Noted value investing professionals firmly believe bottom-up stock research is essential for money managers and personal investors alike. Students from business schools from all around the globe put these skills on display at the Ivey Business School’s Ben Graham Centre's International MBA Stock Picking Competition.
In the first stage of the competition, 14 teams made up of MBA students prepared a valuation report on a company judged by a panel of industry practitioners. Teams from the Ivey Business School, Barna Management School (Dominican Republic) and Fordham University (United States) reached the final round, set to compete against each other for $14,000 in prize money.
The student teams had a limited amount of time to prepare a thorough analysis of Westlake Corporation, a diversified chemical company, whose materials are found in a wide array of industries such as infrastructure, medical supplies and automotive, to name a few. Their reports must include a buy, or don’t buy recommendation, and the teams are critiqued by a distinguished panel of value investor professionals on their analytical rigour, understanding of the industry, and their ability to defend their position.
After the three detailed, blinded presentations, the competition judges concluded the team from Ivey Business School provided the most thorough and comprehensive evaluation, coming away with the top prize. The teams from Barna and Fordham finished second and third, respectively.
Judge Robert Robotti, who believes stock picking is going through a renaissance of late, was particularly impressed with the Ivey team, who demonstrated a keen understanding of Westlake and their overall industry.
“They did a phenomenal job,” said Robotti on Ivey’s assessment of Westlake. “It’s the process of looking at a company, understanding the business and making those judgements about all the critical elements and where it fits and whether it makes sense to buy the stock or not.”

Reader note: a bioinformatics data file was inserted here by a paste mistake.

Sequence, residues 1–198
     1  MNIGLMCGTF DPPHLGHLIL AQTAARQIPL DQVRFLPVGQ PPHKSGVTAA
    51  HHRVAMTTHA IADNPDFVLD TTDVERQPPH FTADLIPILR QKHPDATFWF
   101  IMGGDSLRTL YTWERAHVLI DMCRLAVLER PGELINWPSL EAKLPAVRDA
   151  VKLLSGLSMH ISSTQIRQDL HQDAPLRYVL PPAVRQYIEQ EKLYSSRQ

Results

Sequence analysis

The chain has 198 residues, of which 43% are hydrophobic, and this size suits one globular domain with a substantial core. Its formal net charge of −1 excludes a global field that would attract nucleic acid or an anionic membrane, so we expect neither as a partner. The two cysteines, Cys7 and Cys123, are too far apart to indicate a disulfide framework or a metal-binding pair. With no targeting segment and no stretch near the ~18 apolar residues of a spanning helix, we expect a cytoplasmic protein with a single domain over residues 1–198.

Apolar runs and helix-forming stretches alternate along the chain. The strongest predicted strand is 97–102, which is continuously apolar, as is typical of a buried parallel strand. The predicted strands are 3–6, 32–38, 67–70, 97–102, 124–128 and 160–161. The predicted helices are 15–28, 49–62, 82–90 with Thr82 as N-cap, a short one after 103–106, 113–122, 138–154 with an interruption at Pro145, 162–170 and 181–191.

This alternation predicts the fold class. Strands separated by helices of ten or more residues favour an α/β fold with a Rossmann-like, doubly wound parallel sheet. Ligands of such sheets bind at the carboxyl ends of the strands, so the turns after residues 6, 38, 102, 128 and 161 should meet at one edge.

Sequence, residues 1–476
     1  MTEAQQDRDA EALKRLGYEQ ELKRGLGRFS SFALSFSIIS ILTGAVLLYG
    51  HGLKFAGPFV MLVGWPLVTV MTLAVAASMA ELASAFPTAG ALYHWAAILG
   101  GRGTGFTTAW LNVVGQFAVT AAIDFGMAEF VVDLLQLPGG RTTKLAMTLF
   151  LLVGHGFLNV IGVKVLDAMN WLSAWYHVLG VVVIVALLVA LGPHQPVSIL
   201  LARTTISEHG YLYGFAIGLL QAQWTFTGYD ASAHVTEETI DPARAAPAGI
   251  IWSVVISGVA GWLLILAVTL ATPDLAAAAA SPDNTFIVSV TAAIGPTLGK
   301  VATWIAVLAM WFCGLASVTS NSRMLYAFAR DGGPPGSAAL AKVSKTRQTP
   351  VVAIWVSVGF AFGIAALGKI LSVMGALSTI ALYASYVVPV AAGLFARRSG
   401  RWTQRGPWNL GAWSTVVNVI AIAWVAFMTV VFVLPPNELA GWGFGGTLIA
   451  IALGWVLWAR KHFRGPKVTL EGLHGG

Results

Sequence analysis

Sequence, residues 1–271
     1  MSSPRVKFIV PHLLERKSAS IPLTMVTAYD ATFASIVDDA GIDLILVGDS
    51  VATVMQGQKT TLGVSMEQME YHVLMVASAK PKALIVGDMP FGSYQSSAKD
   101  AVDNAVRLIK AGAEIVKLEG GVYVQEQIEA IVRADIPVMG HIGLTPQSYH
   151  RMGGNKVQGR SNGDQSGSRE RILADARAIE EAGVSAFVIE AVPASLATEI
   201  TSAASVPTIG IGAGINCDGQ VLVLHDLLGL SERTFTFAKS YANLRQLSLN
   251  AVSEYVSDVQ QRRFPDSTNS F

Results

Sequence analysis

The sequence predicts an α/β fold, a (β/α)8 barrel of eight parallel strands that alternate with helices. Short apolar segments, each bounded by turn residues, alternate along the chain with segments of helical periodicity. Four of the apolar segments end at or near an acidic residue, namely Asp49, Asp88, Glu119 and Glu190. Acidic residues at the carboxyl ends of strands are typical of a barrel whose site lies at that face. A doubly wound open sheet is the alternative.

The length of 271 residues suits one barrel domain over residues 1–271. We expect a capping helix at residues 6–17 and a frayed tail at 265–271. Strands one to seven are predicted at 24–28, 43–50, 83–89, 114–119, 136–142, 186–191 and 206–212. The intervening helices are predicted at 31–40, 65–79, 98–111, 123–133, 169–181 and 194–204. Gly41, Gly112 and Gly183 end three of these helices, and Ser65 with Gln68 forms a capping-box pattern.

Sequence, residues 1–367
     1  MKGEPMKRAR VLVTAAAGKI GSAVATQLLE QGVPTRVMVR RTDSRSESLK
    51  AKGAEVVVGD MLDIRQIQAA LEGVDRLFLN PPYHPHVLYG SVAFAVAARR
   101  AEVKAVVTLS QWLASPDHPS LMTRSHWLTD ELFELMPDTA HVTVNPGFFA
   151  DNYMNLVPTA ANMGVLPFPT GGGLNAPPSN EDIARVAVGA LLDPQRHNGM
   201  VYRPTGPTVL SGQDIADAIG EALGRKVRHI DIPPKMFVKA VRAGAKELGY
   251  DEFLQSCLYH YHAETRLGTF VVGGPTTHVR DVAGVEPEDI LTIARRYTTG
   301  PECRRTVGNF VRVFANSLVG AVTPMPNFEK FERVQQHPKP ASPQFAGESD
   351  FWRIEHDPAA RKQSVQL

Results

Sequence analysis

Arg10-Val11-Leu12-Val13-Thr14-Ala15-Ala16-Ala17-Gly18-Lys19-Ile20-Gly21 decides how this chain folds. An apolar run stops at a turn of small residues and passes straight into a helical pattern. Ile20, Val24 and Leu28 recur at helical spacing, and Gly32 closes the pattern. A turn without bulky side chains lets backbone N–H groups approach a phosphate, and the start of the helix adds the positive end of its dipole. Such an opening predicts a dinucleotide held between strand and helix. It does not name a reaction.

Taking home the winners purse of $8,000, Ivey’s team made up Ali Gill, Nitish Mehta, and Tyler Clemens, all MBA ‘23s, were ecstatic with how their team came together.
“Teamwork is really important, especially in this competition,” said Gill. “With value investing you have to cover so many facets that just one person cannot do it all. So, having a team that’s in-sync really helped us in this competition.”
“I wanted more exposure into different sectors and this competition was one way of doing that,” exclaimed Mehta. “As an investor I thought value investing principles might be a way to apply to my own portfolio.”
For Clemens, the competition opened his mind to think beyond traditional means of valuation.
“This competition gave us a lot of great opportunities to think of companies differently and to come up with our own ideas, some of which may go against what professional analysts are saying. It gave us a new way to analyze things, and to think of things a bit differently.”
Judges for the final round of the competition included Wayne Peters (Peters MacGregor Capital Management), Robert Robotti (Robotti & Company Advisors LLC), Kim Shannon (Sionna Investment Managers), Achilleas Taxildaris (Bristol Gate Capital Partners), and Evan Vanderveer (Vanshap Capital).